Forgot your password?
typodupeerror
User Journal

Daniel Dvorkin's Journal: I want to go on record saying this now: 10

Journal by Daniel Dvorkin

It's time to get rid of the Electoral College.

Based on the results of state vs. national polls, it's looking increasingly likely that Obama may lose the national popular vote but win in the EC. As a nakedly partisan Democrat, would I be pleased with this outcome? Well, I'd be happier about it than I was when Bush lost the popular vote but managed to finagle an EC win, obviously ... but "happier" does not equate in this case to "happy" by any means. Because having someone against whom the majority of Americans vote become (or remain) President should simply never, ever happen.

The EC hasn't served its ostensible purpose, to protect the interests of smaller states against domination by larger ones, for generations, if ever. All it does is focus an unwarranted amount of attention on a few "swing states" every four years, with the effect that the interests of the residents of states that don't fall into this category get no representation at all at the Presidential level. If you live in Texas or California, you might as well not vote at all in the Presidential election; same if you live in Wyoming or Vermont. And that really sucks.

Even "swing states" don't really matter all that much, most of the time, if they're sparsely populated. New Mexico was just as close in 2000 as Florida was, but nobody cared how it went, because whoever got Florida was going to get the White House. (Gore won NM by some incredibly narrow margin; if you'd forgotten that detail, I don't blame you.) What was that about small states, again? Yeah, that's what I thought.

Get rid of the damned thing. This isn't partisanship. It's an acknowledgement of reality.

This discussion has been archived. No new comments can be posted.

I want to go on record saying this now:

Comments Filter:
  • Nate Silver, the best numerical analysts of election metrics (and one of the best of baseball metrics) is saying, right now, that the chance that Obama will lose the popular vote but win the electoral college is 3.8%. Silver says the chance of Romney doing the same is 2.9%.

    My own analysis is that the chance that there will be screaming of "fraud" by the losing side and that courts at various levels will end up involved is about 95%.

    And by the way, even with the change in national polls, the prediction that

    • I'm a card-carrying member of the Church of Nate, and I think his analysis is as reliable as any we're going to see, but 3.8% is out of the realm of "things you don't have to worry about" and into "bad things you should brace yourself for." And a combined 6.7% chance of a popular/EC split is the stuff of nightmares.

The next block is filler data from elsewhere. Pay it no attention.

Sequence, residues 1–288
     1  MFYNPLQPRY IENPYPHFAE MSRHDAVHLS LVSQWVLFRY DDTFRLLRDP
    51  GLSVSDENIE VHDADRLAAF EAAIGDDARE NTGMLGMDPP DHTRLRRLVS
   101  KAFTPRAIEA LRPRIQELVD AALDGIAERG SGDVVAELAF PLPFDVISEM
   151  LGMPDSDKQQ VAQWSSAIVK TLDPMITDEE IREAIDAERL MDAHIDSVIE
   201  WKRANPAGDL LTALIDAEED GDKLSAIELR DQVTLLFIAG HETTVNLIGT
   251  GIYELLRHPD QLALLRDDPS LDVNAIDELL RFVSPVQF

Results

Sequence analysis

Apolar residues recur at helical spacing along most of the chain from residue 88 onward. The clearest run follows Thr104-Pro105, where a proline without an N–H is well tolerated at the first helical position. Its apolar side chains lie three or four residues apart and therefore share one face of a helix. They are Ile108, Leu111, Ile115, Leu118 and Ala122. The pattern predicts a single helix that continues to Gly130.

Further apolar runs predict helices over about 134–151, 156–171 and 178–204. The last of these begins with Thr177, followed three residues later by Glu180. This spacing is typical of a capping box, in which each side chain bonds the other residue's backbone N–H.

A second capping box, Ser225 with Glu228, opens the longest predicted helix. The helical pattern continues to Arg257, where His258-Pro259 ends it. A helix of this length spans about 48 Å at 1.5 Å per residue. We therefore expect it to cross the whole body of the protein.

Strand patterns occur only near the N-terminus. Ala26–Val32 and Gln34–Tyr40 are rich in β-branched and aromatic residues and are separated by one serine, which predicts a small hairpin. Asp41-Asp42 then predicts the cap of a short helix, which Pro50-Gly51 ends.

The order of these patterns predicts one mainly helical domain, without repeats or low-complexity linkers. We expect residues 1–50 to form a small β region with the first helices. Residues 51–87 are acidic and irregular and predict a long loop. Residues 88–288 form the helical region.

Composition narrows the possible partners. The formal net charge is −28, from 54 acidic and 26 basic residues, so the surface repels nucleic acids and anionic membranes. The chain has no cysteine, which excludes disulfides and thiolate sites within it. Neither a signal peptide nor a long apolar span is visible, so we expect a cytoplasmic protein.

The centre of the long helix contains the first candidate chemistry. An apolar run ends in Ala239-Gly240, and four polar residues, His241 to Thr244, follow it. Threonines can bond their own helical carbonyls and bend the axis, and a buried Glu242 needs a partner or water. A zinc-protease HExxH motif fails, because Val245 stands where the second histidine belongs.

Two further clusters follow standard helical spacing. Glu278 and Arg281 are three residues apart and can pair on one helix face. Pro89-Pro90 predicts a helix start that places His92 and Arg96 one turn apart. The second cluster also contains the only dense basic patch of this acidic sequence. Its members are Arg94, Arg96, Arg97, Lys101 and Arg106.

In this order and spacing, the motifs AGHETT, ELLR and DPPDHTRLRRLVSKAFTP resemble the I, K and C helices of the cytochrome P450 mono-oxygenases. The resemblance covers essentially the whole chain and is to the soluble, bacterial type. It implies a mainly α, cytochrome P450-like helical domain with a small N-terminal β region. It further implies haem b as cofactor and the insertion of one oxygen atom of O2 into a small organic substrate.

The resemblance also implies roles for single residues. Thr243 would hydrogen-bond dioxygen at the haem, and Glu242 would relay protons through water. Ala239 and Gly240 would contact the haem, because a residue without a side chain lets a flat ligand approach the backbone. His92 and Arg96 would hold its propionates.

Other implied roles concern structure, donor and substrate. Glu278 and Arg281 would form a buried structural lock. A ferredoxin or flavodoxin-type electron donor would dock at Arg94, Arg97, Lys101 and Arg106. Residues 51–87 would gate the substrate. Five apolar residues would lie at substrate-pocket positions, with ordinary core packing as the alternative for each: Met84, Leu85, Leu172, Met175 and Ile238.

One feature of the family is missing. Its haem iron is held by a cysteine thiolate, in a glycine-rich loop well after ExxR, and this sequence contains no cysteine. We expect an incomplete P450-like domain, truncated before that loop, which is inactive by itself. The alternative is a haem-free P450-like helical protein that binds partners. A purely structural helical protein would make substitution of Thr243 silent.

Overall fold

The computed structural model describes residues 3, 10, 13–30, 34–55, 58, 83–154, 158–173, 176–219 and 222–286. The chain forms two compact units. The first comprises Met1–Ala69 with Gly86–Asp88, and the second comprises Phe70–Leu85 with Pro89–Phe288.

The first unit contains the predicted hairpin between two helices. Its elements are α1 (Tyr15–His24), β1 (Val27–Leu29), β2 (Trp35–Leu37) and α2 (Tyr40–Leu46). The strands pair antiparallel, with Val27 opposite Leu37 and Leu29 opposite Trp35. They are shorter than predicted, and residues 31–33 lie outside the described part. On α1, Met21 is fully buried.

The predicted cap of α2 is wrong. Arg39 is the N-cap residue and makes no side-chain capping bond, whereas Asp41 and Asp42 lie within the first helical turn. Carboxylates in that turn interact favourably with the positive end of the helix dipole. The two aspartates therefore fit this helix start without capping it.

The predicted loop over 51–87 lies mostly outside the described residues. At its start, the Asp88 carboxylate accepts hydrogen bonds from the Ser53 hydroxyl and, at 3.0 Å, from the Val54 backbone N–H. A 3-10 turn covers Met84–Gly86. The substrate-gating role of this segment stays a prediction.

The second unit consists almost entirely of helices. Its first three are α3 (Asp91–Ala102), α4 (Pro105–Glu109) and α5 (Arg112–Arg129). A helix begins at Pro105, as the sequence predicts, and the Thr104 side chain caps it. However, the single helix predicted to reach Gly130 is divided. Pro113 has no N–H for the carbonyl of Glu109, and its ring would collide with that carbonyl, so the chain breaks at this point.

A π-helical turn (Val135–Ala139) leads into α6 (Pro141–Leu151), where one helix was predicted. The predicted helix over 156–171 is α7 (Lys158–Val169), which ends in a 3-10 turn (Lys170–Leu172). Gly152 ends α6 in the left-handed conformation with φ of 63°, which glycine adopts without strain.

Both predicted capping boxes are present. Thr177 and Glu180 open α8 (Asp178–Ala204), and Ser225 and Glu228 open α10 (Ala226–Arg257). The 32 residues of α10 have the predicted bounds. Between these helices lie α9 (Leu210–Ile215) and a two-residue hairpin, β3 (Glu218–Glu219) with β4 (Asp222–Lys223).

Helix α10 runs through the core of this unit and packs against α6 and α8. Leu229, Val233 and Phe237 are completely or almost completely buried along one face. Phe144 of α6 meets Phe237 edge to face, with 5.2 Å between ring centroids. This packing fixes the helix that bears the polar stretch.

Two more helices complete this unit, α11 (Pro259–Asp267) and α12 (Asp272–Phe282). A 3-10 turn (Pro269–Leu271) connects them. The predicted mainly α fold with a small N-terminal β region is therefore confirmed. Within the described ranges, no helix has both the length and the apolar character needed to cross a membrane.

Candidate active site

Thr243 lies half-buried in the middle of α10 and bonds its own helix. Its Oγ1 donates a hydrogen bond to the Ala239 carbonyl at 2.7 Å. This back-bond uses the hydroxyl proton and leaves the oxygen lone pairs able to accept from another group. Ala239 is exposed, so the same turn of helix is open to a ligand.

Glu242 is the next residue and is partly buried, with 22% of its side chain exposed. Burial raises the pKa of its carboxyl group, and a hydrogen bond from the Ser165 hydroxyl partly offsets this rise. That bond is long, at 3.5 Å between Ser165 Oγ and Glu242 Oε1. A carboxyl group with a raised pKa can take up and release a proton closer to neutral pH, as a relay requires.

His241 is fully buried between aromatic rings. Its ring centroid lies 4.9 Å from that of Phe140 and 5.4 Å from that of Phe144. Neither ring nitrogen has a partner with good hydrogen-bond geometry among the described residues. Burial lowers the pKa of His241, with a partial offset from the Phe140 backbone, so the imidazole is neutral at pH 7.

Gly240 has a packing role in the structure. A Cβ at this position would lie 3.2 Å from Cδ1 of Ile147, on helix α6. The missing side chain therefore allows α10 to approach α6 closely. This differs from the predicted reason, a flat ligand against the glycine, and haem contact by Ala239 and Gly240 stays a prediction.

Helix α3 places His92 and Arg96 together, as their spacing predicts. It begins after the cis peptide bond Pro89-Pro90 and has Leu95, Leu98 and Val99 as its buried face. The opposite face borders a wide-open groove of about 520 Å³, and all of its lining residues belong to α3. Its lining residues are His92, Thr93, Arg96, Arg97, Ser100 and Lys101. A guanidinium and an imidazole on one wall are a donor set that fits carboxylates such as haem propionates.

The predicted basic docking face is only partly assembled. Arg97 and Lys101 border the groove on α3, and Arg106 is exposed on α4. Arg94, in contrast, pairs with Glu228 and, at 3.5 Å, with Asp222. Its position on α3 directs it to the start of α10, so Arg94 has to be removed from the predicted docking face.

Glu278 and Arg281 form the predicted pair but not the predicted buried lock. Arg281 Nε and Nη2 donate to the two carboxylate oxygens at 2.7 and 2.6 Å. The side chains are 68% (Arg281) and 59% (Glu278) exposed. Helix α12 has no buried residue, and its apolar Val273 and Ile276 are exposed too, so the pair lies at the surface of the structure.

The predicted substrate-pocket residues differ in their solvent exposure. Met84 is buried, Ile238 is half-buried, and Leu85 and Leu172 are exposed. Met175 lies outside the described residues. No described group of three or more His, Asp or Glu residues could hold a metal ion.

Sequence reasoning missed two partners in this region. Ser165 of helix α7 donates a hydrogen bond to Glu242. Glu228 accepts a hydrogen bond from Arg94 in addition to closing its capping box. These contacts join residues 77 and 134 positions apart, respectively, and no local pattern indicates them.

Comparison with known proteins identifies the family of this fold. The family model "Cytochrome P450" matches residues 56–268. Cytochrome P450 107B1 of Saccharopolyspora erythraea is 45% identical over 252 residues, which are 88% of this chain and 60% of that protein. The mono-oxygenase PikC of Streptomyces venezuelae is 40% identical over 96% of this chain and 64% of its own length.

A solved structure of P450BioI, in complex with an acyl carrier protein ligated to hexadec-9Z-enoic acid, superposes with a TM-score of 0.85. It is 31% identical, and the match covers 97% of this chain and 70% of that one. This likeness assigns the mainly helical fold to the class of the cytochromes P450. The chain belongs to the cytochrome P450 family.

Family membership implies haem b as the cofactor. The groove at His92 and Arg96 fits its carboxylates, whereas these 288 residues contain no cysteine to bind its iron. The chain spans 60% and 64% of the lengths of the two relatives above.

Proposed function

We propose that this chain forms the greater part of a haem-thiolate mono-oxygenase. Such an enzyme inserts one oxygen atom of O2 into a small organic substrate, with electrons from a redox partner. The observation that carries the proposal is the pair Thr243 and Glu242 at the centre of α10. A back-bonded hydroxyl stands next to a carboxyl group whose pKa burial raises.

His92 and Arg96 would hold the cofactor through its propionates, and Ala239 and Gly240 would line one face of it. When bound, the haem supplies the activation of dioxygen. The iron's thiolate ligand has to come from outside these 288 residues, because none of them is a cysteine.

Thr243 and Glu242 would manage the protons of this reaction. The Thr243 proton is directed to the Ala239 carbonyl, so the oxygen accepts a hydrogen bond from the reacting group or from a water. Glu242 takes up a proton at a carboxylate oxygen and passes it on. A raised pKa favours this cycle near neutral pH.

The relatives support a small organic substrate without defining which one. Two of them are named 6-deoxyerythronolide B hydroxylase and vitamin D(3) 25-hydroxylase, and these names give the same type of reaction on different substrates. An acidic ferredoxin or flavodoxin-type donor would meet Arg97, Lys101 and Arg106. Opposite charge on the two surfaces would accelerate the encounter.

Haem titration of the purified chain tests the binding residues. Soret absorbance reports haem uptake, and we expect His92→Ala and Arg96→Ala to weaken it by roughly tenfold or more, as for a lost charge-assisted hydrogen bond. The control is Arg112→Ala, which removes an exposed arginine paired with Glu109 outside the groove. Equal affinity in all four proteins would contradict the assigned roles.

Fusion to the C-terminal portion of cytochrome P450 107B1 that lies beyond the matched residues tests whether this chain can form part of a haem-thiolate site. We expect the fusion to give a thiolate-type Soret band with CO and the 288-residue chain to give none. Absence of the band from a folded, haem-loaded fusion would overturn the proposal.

• by PopeRatzo (965947)

        but 3.8% is out of the realm of "things you don't have to worry about" and into "bad things you should brace yourself for." And a combined 6.7% chance of a popular/EC split is the stuff of nightmares.

        I didn't get any statistics in my humanities program and I didn't think it through.

        That is pretty high, 6.7%. And, t's a lock that there will be about half the country unsatisfied no matter which scenario plays out, right? And that's not good.

        I'm votin' early and then crawling back to bed until maybe April.

  • Get 98% of the voters to vote for Jill Stein or Gary Johnson. Then see if either one gets the gig. If you leave it between democrats and republicans, then it doesn't matter how they swing.

    • The next President of the United States of America will be a Democrat or a Republican. So will the one after that, and the one after that, and the one after that. Senate Majority Leader, Speaker of the House, Governor of nearly every state, state Senate and House leaders ... Democrats and Republicans. I'm not saying this is a good thing, just that this is the way it is, and the dreams of the Libertarians and Greens and what-have-yous will not make a damned bit of difference.

      Want to change this? Getting

      • If the regulars know they're guaranteed a win, what incentive will they have to change the rules of the game? It's like expecting a casino to actually take a gamble with peoples' money. The only people who don't like the Electoral College are the losers. I don't know how they'll get rid of it.. Maybe by a surprise Supreme Court ruling.

  • It would take a constitutional amendment. I don't see it ever happening.

    • How are you going to get a constitutional amendment if the people you (collectively) vote for don't play along? And if you can elect people that do respond to your demands, why do the rules need to be changed? Hasn't the goal already been accomplished? In this day and age, how are you going to get the ruling party to give up any power peacefully if nobody votes them out? Somebody, tell me, where's the incentive? I've asked this several times, and I'm getting... crickets. This whole issue lies directly on ou

"Wish not to seem, but to be, the best." -- Aeschylus

Working...